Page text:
"Agents Wanted:" Subscription Publishing in America
Knowledge and Self-Improvement


Andrew A. Gardenier, ed.
Hand-Book of Ready Reference
Springfield, Mass.: King-Richardson Publishing, c1897

This handbook for farmers contains manikins, or cut-outs, showing the anatomical parts of the horse and the cow. Its publisher promotes it as "scientific, practical, simple, authentic and up-to-date." The predominantly rural nature of the United States at this time gave such books a large potential audience. This example contains handwritten testimonials from local leaders and the names, addresses, and binding choices of sixty subscribers, none of whom chose the most expensive binding.



Frances Putnam Pogle and George M Vickers
The Standard American Speaker and Entertainer
Philadelphia: Standard publishing, c1901
Broadside advertisement

This circular advertises an elocution and recitation book, of which there are many in the Zinman Collection. They generally consist of compilations of readings and recitations containing something for everyone and every situation. Such anthologies brought together a variety of short pieces for literary recitations, a common form of community entertainment before radio and television. The Standard American Speaker also offers instruction in physical culture, gesture, and breathing. Purporting to address amateurs, the book can claim to be an invaluable addition to any home, school, Sunday school, etc. The many illustrations are intended to complement the text by offering visual clues on how to present oneself during recitations.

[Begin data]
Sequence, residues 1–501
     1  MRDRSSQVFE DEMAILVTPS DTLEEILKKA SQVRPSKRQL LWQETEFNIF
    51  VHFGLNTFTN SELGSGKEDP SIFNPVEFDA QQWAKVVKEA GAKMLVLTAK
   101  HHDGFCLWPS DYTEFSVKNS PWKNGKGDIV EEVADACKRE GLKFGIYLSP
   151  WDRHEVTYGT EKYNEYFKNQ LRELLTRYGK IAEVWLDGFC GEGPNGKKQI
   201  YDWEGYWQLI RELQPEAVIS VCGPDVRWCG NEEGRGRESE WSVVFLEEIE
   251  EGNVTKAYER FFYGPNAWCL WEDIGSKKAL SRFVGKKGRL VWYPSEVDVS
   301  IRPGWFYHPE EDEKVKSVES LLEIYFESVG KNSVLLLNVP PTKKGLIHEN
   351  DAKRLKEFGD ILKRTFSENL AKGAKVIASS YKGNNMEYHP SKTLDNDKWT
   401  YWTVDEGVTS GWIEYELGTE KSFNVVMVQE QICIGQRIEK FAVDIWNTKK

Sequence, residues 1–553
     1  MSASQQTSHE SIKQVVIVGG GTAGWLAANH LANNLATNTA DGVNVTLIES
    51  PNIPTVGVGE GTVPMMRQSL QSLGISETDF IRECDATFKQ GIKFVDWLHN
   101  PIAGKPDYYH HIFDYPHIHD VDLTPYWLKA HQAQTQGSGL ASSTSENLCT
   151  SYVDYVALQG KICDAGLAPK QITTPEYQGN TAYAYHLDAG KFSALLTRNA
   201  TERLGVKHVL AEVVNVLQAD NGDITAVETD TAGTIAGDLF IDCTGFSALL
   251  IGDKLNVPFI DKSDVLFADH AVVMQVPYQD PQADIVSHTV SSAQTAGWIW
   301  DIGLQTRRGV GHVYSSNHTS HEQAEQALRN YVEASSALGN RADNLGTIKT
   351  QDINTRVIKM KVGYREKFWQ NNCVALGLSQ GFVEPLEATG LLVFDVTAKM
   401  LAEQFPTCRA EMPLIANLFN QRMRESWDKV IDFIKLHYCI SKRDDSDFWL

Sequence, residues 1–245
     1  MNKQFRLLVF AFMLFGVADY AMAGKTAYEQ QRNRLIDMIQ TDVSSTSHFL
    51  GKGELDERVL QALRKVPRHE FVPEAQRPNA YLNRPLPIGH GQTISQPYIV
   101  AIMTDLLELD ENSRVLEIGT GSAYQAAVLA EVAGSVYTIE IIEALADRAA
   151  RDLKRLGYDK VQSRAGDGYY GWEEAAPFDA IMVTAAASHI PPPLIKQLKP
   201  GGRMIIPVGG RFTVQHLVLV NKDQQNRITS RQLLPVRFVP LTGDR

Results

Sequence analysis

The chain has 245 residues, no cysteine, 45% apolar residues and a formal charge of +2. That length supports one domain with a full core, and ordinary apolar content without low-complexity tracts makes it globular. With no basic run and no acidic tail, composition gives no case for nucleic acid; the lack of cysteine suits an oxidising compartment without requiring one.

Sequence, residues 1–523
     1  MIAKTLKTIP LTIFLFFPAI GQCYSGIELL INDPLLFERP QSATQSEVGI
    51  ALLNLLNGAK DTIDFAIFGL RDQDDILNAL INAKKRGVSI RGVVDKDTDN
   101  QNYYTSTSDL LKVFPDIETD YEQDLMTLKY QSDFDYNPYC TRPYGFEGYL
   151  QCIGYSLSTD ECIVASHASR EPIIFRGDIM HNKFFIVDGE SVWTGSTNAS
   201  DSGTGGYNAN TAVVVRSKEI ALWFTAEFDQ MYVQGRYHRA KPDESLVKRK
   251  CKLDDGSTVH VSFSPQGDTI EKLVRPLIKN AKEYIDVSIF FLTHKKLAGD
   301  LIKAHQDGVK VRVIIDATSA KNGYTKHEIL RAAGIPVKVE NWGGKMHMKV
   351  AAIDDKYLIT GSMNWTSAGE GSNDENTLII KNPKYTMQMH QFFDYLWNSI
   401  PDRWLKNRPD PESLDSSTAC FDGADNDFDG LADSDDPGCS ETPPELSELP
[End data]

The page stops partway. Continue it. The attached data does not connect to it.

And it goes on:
Alvin Wood Chase
Dr. Chase's Third Last and Complete Receipt Book and Household Physician
Detroit, Mich. And Windsor, Ontario: F.B. Dickerson, 1892

Part cookbook, part moral advisor, part medical handbook, and heavily practical throughout, Dr. Chase's compendia claimed to contain just about everything a nineteenthcentury householder needed to know in order to survive. In fact, Dr. Chase's and the Bible were the two books most frequently carried across the country by the pioneers. Dr. Chase's was also sold in German translation, of which sample pages are included in this canvassing book, as savvy publishers were aware that many of these pioneers were recent immigrants whose only language was German.